Avondale offering to restore music buildings

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Music has been an intrinsic part of the heritage of Avondale College of Higher Education since its founding in 1897. From the orchestral groups of the 1910s to the major choral works such as Elijah and the Messiah to the interstate and overseas tours, music is ingrained in Avondale’s culture.

It formed part of the curriculum from the beginning. Herbert Lacey served as the inaugural music teacher, offering private tuition in piano, organ and voice for £1.1s per quarter. The cost, around an eighth of the total boarding cost, is comparable to today’s rates.

Music has been central to our ethos.

As the popularity of music increased, so did the need for a designated building. That building, Music Hall, opened in 1925, the first on what is now the Lake Macquarie campus to be constructed of brick—the materials helped deaden the sound of the instruments and voices.

The new building helped the music program continue to grow. George Greer, head of music from 1947 to 1952, transformed the image of music at Avondale. He quickly organised a 70-member a cappella choir, which toured extensively throughout the country. Greer also rapidly expanded the music program, lobbying for students to use music electives to satisfy degree requirements in other programs. By 1949, the music program enrolled 200 students. By the time Greer left in 1952, the choir had gained national recognition for excellence.

Alan Thrift, head of the Music Department for 41 years—from 1957—said this recognition had been a major form of public relations. “From the 1970s, the concert tours, radio broadcasts and TV appearances of the Avondale Symphonic Choir and later the Avondale Singers were what the college was best known for,” he said. These performances not only formed an image of Avondale, but they also solidified the role of music as part of the Avondale experience.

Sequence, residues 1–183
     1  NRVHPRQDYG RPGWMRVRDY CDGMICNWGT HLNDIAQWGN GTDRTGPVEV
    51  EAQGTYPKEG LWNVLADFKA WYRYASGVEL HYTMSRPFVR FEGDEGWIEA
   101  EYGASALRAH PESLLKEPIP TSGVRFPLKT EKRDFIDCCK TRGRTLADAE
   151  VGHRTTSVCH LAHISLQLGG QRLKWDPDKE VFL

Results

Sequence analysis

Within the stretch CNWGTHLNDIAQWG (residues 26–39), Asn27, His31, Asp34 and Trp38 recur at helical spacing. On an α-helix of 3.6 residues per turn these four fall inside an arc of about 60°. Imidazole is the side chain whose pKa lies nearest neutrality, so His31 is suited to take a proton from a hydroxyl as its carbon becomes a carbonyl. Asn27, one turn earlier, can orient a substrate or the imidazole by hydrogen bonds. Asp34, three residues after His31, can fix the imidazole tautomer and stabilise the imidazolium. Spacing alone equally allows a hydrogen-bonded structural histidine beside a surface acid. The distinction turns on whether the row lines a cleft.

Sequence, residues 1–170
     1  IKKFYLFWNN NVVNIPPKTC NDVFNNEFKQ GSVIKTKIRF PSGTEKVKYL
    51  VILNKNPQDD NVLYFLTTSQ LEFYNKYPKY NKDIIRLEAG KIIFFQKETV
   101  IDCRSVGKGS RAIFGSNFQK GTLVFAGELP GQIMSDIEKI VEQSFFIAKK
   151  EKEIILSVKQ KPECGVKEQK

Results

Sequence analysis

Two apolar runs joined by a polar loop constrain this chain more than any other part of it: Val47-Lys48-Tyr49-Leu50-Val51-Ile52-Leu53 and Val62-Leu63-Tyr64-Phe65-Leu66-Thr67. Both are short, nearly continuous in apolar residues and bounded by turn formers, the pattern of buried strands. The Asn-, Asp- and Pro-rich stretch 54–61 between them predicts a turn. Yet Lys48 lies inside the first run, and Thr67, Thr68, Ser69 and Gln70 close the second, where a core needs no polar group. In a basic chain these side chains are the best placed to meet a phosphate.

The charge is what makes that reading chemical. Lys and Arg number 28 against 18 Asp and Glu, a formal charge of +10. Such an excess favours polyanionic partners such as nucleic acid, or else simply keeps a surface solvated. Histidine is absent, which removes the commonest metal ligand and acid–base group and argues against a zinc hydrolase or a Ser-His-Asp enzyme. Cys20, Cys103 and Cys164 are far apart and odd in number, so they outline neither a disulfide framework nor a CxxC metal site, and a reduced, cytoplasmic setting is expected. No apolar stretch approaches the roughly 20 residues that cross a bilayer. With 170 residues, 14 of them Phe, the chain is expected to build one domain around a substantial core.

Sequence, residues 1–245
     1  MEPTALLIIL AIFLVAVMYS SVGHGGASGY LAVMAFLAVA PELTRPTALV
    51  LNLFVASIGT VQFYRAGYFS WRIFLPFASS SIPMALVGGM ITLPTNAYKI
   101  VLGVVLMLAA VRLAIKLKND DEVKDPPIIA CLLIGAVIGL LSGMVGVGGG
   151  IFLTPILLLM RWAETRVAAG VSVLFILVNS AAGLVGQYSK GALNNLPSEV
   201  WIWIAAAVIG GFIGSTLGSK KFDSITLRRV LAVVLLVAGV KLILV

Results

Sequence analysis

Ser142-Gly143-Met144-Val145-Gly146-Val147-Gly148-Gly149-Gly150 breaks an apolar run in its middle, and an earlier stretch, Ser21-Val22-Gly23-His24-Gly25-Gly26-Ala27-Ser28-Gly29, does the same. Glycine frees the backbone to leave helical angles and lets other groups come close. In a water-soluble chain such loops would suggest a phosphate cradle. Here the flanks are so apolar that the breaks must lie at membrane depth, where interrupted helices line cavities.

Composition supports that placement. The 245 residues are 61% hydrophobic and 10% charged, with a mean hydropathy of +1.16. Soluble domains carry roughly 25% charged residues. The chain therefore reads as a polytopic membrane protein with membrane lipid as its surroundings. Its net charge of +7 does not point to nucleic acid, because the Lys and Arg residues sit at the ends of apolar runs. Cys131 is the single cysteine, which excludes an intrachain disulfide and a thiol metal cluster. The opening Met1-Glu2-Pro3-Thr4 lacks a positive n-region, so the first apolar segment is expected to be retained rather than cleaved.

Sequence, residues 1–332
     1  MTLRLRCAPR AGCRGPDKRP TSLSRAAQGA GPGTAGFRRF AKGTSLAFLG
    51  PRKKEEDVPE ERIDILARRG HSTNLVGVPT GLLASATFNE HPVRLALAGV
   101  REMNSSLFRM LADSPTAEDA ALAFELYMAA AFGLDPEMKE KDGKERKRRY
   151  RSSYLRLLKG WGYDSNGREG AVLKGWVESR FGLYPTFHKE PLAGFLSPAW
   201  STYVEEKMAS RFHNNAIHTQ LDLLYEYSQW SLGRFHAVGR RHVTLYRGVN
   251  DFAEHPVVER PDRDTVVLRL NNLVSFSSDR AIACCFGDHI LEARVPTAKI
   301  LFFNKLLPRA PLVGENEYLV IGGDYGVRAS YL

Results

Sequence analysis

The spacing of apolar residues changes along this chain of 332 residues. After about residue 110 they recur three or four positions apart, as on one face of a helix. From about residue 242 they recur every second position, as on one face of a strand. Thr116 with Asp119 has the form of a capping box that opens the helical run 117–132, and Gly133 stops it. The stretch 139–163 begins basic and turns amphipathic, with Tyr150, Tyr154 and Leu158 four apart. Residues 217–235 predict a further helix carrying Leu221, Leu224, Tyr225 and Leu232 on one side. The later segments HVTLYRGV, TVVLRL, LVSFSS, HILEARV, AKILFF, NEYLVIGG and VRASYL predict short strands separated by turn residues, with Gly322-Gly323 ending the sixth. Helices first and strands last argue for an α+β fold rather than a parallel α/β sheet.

“Music has been central to our ethos,” said Aleta King, the new lecturer in music at Avondale. “So many people—Greer, Clapham, Thrift, Clark—have been through those Music Hall doors.”
 

Today’s Avondale College of Higher Education offering acknowledges this heritage. The money you give will help restore Music Hall and Greer Hall, the old science building now also used for the music program. The historic buildings need a facelift.

Mr Thrift urged those with a heart for music to donate. “The academic opportunities are of a high standard but the facilities are located in old and inadequate buildings in urgent need of upgrading,” he said. Ms King is looking forward to seeing the “dilapidated” halls being “restored to their former glory”.

Some of the restoration work planned for later this year includes: re-coating roofs; repainting exteriors and interiors; replacing broken windows, guttering and rotten timber beams; repointing mortar between bricks; and re-plastering ceilings. “It will enhance the learning and teaching spaces for students and staff members,” said director of advancement Colin Crabtree.

“Music is able to transcend the normality of life—to take us to a place closer to God,” Ms King concluded. “You may not remember the classes you sat in, but you remember the amazing concerts you were a part of. They’re the experiences that captivated you.”

Thank you for helping improve the Avondale experience for today’s music students.

Josh Dye is a public relations intern at Avondale College of Higher Education, Cooranbong, NSW.